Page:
Tim Murray

Written by Guest Author

Tim MurrayTim Murray of Guitar Workshop on Classic Rock Concerts
Interview by guest writer: Gideon Smith

Guitar supermaster Tim Murray sat down with us to discuss some of his favorite classic rock band shows. It was really interesting to see his collection of tickets of concerts from the 1960’s onward (Jimi Hendrix, The Rolling Stones, Led Zeppelin, Allman Brothers, etc.) and listen to his memories of favorite shows. He is the owner of The Guitar Workshop in Charlotte where many musicians in the local scene have studied at one time or still study now. If you are looking for a guitar instructor look no further, Tim and company are the best you could ask for. Tim just lives for music, and never ceases to amaze me with his playing and ethereal understanding of the craft.

LED ZEPPELIN (June 9th 1972 Charlotte Coliseum)
“I saw Led Zeppelin twice, on Led Zeppelin 2 and Led Zeppelin 3. The first time I saw them they were doing LZ 2, I don’t have the ticket stub for that one but I found the advertisement for it on the internet recently. But they weren’t the big band they later became.  They were just starting. The first time I saw Zeppelin was in ’72. It was very good.  It was a very small, stripped-down stage. The second time they came out and did "Stairway to Heaven" before it was released."

JEFF BECK (Park Center)
“Actually out of that group the Jeff Beck group was my more favorite one that broke off from the Yardbirds. Jeff Beck is still the man. I wish I had my Jeff Beck tickets. I saw him play in the Jeff Beck Jan Hammer band at the Park Center and then I saw the Beck, Bogert and Appice at the Park Center. Jeff Beck is a seventy year old wiz.”

"Rod was very fun. That’s why I liked Rod so much. I saw them twice with Ron Wood when Ron was still in the band and... fun. Had a great time, good rock n roll. Had a great audience rapport. The first time I saw them Free opened up for them and that was Paul Rogers, you can’t beat that.”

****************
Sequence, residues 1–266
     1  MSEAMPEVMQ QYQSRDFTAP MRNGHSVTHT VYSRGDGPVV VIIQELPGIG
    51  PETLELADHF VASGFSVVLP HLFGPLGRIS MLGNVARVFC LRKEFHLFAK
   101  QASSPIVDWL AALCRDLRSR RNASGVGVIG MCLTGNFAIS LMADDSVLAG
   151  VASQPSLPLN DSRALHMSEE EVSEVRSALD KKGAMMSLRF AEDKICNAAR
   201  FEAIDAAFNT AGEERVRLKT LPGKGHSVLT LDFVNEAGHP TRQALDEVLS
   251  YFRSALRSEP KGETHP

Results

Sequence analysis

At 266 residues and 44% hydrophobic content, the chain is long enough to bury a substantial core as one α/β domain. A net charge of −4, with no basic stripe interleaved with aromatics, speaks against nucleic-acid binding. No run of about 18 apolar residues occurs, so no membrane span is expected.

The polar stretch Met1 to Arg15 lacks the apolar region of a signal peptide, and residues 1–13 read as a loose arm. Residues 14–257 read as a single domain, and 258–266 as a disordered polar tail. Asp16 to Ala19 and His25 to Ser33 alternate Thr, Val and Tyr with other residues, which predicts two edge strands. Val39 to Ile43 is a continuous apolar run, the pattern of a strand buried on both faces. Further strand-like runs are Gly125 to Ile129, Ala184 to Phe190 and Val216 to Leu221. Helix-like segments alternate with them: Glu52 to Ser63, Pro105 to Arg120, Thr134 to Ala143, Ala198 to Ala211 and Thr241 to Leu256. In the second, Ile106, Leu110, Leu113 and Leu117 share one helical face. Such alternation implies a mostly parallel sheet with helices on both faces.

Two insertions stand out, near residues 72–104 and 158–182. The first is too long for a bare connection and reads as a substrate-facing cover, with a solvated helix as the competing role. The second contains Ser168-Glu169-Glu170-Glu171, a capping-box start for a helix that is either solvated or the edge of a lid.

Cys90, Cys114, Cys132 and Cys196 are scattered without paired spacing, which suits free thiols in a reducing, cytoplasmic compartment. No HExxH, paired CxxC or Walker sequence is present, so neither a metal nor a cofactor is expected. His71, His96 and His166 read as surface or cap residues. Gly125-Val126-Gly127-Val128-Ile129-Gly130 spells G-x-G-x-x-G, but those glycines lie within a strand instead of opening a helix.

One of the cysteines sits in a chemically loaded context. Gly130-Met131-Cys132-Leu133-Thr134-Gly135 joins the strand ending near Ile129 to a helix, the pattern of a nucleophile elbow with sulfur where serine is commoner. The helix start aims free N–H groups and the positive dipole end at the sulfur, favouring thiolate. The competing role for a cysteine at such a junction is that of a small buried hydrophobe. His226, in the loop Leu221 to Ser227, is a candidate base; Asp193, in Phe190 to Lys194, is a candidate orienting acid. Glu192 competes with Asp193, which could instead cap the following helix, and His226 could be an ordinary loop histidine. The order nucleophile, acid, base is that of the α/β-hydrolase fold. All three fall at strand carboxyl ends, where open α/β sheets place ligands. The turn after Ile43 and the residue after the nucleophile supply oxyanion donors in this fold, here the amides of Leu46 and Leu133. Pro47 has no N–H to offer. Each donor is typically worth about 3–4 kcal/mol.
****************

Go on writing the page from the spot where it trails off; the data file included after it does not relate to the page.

“In the Allman Brothers, after Barry died, there was a bass player named Lamar Williams who took his place. This was the band Lamar was in in Charlotte. It was called the Fungus Blues Band. The trumpet player in the band was one of my school mates, a guy named Stanley Graham. Stanley used to let me sit in with his band when Lamar would be playing bass so (technically) I played guitar with the bass player from the Allman Brothers (laughs). “

LYNYRD SKYNYRD (Charlotte Coliseum)
So you were at the Skynyrd show in Charlotte, NC at the old Coliseum when Ronnie fell off the stage? “I must have thrown that ticket away (laughs), they got maybe a song and a half into the set and he was drunk and fell off the stage and broke his collarbone. They came out and did ‘Freebird’ for about 20 minutes. The Marshall Tucker band were semi friends of mine.  They were from Spartanburg, South Carolina and I worked at a music store off of Freedom  Drive. I interviewed Toy Caldwell back then, so when I saw them with Skynyrd they were still called the Toy Factory. After they did that, they got their record deal and became the Marshall Tucker band. But, yes, Ronnie fell off and broke his collar bone and they had to take him away to the hospital that night.”